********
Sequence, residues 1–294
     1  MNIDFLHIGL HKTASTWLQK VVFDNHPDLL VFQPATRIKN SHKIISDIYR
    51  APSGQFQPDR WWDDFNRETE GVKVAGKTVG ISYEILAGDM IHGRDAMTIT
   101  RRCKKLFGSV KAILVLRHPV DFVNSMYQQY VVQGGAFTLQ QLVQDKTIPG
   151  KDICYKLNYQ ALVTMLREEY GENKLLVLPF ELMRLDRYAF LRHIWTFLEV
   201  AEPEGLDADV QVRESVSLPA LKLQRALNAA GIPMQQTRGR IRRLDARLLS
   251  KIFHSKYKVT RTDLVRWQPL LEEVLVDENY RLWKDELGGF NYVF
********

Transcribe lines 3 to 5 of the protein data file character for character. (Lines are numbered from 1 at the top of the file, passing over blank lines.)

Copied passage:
    51  APSGQFQPDR WWDDFNRETE GVKVAGKTVG ISYEILAGDM IHGRDAMTIT
   101  RRCKKLFGSV KAILVLRHPV DFVNSMYQQY VVQGGAFTLQ QLVQDKTIPG
   151  KDICYKLNYQ ALVTMLREEY GENKLLVLPF ELMRLDRYAF LRHIWTFLEV